The vision Paul experienced was not a burning bush but “a light from Heaven”. A light that “flashed around him”. A supernatural light stronger than the sun. A dazzling light that forced him to his knees and blinded him for three days.

Paul also heard a voice. A voice from Heaven that knew his name. “Saul, Saul” it said, “why do you persecute me?” Saul did not know who was speaking to him – so asked ‘Who are you, Lord?’. The reply he received must have left him speechless. Totally taken aback. Because the voice said: “I am Jesus, whom you are persecuting.”

Those words turned everything Paul believed upside down. Rather that being a false prophet, this heavenly voice showed that Jesus really was God’s Son. And rather that being dead and buried, this voice proved to Paul that Jesus was very much alive!

You might have thought that Saul’s mistake would have led to him being condemned by Christ. We might expect that he would be struck dead right there and then on that Damascus road.

But no – he was shown amazing grace instead. And not only was Paul’s life spared, he was given a new vocation. Three days later, through the mouth of Ananias, the Lord gave Paul a new ministry and mission.

• Rather than being an opponent of the Christian church, Paul was now under orders to join it.
• Rather than trying to silence the Gospel message, Paul’s role was now to proclaim it boldly.
• And rather than living by his own strength and zeal, Paul would now have the Holy Spirit within him. A Spirit to strengthen and sustain him in his great new vocation.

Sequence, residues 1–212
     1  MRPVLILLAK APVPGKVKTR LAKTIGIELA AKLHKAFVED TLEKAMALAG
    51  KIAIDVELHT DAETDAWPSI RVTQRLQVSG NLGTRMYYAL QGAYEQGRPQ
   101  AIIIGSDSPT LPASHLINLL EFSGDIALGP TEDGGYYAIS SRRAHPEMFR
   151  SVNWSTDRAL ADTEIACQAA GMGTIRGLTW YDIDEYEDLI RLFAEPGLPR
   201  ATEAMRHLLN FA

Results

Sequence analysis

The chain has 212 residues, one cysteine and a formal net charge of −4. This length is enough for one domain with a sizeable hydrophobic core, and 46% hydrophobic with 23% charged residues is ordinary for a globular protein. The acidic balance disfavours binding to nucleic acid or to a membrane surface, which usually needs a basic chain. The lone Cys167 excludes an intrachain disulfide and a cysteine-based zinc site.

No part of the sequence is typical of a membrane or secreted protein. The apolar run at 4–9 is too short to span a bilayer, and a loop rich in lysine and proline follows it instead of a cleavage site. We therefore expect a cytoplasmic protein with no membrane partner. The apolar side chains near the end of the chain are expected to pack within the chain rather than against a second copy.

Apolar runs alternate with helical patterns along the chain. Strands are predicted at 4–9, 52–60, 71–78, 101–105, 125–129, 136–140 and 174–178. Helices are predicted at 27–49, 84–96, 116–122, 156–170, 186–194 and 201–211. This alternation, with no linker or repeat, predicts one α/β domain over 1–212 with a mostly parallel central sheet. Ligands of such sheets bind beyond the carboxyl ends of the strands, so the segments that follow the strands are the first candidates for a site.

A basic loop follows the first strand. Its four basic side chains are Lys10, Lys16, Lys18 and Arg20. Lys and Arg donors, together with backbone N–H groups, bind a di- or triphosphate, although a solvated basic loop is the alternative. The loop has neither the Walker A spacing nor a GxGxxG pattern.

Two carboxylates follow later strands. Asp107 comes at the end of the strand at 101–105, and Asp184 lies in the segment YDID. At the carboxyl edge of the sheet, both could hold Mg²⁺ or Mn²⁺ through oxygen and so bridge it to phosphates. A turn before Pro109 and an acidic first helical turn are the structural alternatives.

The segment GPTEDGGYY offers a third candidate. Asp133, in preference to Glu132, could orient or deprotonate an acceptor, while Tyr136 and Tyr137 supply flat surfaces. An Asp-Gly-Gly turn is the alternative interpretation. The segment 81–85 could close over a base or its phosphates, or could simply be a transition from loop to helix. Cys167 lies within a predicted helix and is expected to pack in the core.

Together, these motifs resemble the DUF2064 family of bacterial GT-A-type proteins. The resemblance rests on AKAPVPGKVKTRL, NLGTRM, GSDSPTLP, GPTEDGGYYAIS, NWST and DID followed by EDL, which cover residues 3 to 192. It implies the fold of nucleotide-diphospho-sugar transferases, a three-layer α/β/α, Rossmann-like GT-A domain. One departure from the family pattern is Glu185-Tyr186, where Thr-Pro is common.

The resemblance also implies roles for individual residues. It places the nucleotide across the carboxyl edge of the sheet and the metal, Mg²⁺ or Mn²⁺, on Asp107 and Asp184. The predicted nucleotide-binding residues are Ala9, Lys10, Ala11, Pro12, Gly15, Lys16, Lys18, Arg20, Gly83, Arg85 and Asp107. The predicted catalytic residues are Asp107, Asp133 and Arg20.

And as we all know, it’s a vocation that Paul took to with gusto. Starting at Damascus, he would spend the rest of his life boldly proclaiming the good news about Jesus to Jew and Gentile alike – travelling thousands of miles by land and sea in the process.

Taken together, the vision, the voice and the vocation turned Paul-the-persecutor into the Paul-the-apostle.

You see, having seen and heard the Risen Jesus, Paul was now amply qualified to be an apostle:
• He had become a first-hand eyewitness to the resurrection.
• And he had personally received his commissioning from the risen Lord.

Paul’s experience in Damascus made him the authorised leader and pioneer of the church’s mission to the Gentile world. A mission and ministry we are called to continue here in Havering.

Saul’s example: Grace, Unity, Suffering

Before I finish this morning, its worth reflecting on what lessons we can learn from Paul’s experience on that Damascus road. Lessons we can apply to our own mission and ministry today.

For a start, Paul’s conversion is a wonderful reminder that no one is beyond the reach of God’s grace. No one, not even Paul the persecutor, is beyond the bounds of God’s forgiveness. Wherever you live, whoever you are, whatever your past, anyone can receive God’s forgiveness if they repent and put their faith in Christ.